People often ask me how I decide what I'm going to paint. Do I start with a photo or a drawing? Do I have something in mind before I start?
A lovely group of ladies come to my studio each week to paint and they are always bringing photos or pictures they've cut out from magazines to use as inspiration for their paintings. It's really interesting to see what gets their creative juices flowing. Two of them are very much into animals and have a seemingly endless supply of images. I love listening to their excitement over 'what they are going to paint next!'
I too love to cut out images that inspire me, take photos and trawl through Pinterest and Instagram and the like. What Ive realised is that this tends to be as far as I go, I very rarely go back and look at those images again.
I've recently completed a rather in depth on line art course and one of the first exercises was to create an inspiration board. This is something I'd never taken the time to do, probably because it had never crossed my mind that it might be something useful. I tried not to overthink the exercise while I sat sipping coffee, tearing out pages from a pile of magazines, writing words and phrases on my board. After I finished, what struck me most was that my board was not filled with objects as such (e.g a landscape or animals or people), it was predominantly filled with characteristics. I'm inspired by lines, shapes, colour, texture, pattern.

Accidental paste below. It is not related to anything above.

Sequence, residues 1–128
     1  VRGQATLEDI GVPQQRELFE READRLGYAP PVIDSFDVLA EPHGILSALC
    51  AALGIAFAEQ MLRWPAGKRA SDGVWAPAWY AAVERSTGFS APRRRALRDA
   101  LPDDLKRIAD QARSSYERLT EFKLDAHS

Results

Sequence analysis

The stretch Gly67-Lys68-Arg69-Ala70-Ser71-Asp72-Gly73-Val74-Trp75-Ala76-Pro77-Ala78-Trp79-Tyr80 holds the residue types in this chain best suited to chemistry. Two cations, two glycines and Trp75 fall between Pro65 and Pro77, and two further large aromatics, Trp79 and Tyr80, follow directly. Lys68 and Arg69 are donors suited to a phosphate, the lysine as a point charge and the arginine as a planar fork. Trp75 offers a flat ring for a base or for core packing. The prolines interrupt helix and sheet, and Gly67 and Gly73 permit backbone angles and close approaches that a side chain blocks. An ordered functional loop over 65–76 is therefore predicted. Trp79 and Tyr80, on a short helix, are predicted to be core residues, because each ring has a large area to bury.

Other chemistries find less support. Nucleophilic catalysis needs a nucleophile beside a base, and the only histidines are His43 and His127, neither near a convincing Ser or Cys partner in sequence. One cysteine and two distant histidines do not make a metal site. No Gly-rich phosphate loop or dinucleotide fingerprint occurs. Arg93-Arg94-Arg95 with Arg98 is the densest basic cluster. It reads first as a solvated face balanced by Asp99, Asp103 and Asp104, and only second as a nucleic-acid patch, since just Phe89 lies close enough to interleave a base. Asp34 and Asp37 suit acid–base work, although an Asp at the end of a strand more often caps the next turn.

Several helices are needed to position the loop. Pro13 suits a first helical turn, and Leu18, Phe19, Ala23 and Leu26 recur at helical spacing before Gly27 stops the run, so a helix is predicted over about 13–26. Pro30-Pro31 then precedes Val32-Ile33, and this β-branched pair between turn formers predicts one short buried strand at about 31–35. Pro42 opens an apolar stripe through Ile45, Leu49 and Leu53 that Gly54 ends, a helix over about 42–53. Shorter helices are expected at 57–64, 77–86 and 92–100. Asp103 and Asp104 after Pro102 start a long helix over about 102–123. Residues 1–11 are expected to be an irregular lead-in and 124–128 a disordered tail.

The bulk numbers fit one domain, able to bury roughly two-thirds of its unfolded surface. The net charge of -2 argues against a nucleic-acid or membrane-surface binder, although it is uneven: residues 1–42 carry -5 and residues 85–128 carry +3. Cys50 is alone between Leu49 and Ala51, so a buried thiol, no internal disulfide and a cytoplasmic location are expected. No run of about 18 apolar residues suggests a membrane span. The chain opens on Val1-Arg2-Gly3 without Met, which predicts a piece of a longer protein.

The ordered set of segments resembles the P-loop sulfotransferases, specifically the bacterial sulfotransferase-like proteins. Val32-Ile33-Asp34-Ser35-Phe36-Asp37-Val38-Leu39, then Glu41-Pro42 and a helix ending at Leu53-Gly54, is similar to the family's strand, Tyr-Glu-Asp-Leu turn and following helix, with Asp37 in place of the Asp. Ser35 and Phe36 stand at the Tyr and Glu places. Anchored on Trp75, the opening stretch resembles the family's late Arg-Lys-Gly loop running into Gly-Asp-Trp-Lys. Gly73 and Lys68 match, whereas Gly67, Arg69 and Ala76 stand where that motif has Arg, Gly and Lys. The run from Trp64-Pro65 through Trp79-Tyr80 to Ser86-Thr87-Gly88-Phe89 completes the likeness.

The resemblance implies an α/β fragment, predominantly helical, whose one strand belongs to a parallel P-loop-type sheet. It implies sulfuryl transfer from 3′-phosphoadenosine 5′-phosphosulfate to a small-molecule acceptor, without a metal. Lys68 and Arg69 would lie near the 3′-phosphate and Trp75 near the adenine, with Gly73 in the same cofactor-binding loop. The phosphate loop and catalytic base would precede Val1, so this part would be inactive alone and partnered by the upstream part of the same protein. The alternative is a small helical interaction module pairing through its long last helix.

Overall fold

So that is how I start a painting.
The beginning is all about building up layers of paint, creating interesting marks and textures, letting shapes emerge. Its a process of investigation and discovery, asking 'what if I do this?' or 'what if I mix this colour with this colour?' or 'what sort of mark can I make with this tool?' It takes time to build the layers and there is always an urge to hurry up and get to the end so you can see the final result. I have to stop myself, take the time to enjoy this period and reflect on what is happening. I know that its this depth and history that give a painting its uniqueness because it's this part of the process that cant be repeated exactly the same again.
So where does your inspiration come from and how do you start your painting?